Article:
If you’re filing a personal injury lawsuit, you’ve got a lot on your plate. You’re probably dealing with medical treatments, therapy, lost wages from work, various expenses, attorney appointments, and more.

You don’t have time for mistakes made during your personal injury case. As you navigate the difficulties of your case, here are the biggest mistakes you must avoid.

1. Feeling Guilty 

A personal injury lawsuit is not a personal attack on the at-fault party, nor is it a way to get rich quickly. It’s simply a way to take care of your needs, and you shouldn’t feel guilty about that.

“A serious car accident can disrupt your life and leave you overwhelmed and struggling to get back on your feet,” says an article from a law firm in Tennessee. “You may be a considerate person who has never thought about suing someone else, but you should not be burdened paying medical bills from a car accident injury that was caused by someone else’s negligence.” 

2. Lying 

Don’t be tempted to falsify evidence or alter your testimony to support your case. More often than not, the truth will come out. Lying puts you at risk for losing your case and being charged with perjury. 

Share all relevant information with your attorney. He or she will present the facts in the best way possible. You don’t need to lie to win your case. 

3. Talking About Your Case  

Sharing too much information is one of the fastest ways to get yourself in trouble. Don’t share any information with the at-fault party.

You shouldn’t share information with the public either. This means no interviews, published statements, or media contacts. This includes posting about it on Facebook, Twitter, Instagram, etc. 

“Social media posts can sabotage your injury claim” says Brett Snider, Esq. of FindLaw. “How? Generally by revealing that you are less injured than you claim to be. But revealing confidential information regarding settlement negotiations or details about an actual, confidential settlement could invalidate the settlement.” 

4. Missing the Statute of Limitations 

Too many victims believe they can procrastinate filing their case. However, there’s a statute of limitations for personal injury filings, which means that you have to file your case within a certain time period. 

The statute of limitations varies by state, but it’s usually 2-4 years. Once that time has passed, you can no longer file your case. Look up the statute for your state to avoid missing the deadline!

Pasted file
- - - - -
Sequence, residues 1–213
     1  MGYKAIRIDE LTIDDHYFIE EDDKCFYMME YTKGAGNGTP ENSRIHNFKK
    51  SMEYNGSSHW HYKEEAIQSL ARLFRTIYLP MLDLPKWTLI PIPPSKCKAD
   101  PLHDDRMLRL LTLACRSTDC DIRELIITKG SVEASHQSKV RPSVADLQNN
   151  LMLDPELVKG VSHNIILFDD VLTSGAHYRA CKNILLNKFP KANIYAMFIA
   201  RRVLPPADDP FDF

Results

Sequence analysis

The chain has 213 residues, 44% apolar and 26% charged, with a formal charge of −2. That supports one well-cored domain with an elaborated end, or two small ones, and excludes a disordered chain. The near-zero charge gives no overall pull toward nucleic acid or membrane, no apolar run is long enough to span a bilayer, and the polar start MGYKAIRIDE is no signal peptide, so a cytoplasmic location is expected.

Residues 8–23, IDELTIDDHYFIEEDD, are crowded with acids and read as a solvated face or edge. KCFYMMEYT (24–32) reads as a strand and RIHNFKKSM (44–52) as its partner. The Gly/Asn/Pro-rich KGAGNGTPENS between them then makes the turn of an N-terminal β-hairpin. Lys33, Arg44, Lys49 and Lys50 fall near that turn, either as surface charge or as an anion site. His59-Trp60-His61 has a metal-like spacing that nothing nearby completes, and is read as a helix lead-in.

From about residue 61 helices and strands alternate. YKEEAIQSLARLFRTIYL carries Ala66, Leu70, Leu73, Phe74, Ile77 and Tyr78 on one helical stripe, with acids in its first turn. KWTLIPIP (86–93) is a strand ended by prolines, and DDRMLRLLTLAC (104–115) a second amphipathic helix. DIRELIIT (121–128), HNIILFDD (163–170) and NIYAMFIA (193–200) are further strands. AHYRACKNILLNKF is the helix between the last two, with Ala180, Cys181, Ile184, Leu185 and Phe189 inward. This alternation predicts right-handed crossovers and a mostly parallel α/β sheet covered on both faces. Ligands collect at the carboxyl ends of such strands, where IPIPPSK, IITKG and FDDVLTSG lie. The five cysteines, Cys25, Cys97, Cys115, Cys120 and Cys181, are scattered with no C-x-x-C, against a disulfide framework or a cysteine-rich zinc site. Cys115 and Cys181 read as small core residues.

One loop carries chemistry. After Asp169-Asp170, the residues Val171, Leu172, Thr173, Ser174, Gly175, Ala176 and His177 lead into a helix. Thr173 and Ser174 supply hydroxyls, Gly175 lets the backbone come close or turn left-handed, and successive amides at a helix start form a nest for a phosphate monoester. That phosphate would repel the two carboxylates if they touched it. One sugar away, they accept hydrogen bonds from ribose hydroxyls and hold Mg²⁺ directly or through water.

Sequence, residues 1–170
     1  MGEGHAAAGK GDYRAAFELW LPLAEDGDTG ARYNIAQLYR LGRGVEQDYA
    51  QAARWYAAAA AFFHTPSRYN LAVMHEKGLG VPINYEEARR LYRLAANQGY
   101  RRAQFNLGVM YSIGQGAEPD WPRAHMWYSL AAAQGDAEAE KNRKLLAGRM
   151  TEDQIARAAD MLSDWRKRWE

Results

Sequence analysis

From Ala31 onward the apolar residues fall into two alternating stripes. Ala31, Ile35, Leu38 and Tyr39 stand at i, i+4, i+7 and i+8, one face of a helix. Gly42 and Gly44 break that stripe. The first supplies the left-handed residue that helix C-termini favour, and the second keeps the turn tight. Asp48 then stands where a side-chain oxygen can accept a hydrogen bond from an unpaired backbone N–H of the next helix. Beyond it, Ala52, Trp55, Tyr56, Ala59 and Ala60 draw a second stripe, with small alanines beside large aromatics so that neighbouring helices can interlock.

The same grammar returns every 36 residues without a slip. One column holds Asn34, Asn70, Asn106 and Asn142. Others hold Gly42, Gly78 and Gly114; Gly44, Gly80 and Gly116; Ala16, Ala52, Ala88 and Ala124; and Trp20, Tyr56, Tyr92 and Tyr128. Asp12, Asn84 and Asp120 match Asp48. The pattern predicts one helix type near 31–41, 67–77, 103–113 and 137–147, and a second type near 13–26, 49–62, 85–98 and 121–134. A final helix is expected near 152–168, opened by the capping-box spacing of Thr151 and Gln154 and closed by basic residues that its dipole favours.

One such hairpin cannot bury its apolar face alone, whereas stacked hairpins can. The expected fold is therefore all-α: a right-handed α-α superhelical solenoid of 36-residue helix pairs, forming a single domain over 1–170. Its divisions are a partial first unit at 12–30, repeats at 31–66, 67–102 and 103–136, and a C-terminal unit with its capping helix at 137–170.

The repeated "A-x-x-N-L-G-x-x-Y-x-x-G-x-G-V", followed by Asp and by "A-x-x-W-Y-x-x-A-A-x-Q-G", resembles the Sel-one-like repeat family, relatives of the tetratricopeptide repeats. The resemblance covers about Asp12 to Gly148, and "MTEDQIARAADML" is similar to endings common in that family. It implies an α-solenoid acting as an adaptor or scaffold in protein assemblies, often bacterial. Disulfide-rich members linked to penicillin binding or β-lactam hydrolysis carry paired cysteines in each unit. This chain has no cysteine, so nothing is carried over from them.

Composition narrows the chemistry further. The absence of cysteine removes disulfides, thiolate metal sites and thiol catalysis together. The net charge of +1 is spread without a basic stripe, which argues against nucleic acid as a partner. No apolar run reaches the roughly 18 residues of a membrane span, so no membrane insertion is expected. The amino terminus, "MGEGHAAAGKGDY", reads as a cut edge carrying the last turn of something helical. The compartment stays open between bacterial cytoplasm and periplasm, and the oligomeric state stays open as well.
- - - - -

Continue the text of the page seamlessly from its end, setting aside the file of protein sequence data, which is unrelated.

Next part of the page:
5. Ignoring Doctor’s Orders

You’re trying to convince the judge that you were injured because of someone else, and your doctor will document that injury. Missing doctor’s appointments, failing to follow orders, and not taking medical treatment seriously may signal that your case is not worthy of consideration. 

6. Trying to Do It Alone 

Many personal injury victims try to file a lawsuit on their own. It’s not required that they use an attorney, and they want to avoid the fee after the settlement is over. However, this is one of the biggest mistakes you can make. 

“Have you performed an appendectomy on yourself lately?” asks an article from AutoAccident.com. “If performing a moderately complicated medical procedure on yourself doesn't sound appealing, then handling a moderately complicated personal injury claim shouldn't either.” 

Your attorney has experience in these matters, and based on data from previous cases, you’ll get between 300 and 1000 percent more from a winning settlement when you hire an attorney. That’s a good reason to bite the bullet! 

7. Failing to Preserve Evidence 

You might have ample witnesses who saw the accident wasn’t your fault, but over time, memories fade, and evidence can vanish. If you haven’t preserved the evidence right after the accident, you risk losing it all together. 

Photos, police reports, medical documents, witness statements, etc. can cement your case. Get the names and contact information of any witnesses in case you need their help later. 

8. Settling Early with the Insurance Company 

If you’re suing the insurance company, they might pressure you to settle early, maybe even before you’ve undergone treatment for your injuries. However, you don’t know how much it’s going to cost to fully restore your injuries, so settling could mean you’re short on cash in the end. 

Once you’ve settled, there’s nothing your attorney can do to increase your compensation. It’s always better to consult an attorney first and get your personal injury compensation on the right track.


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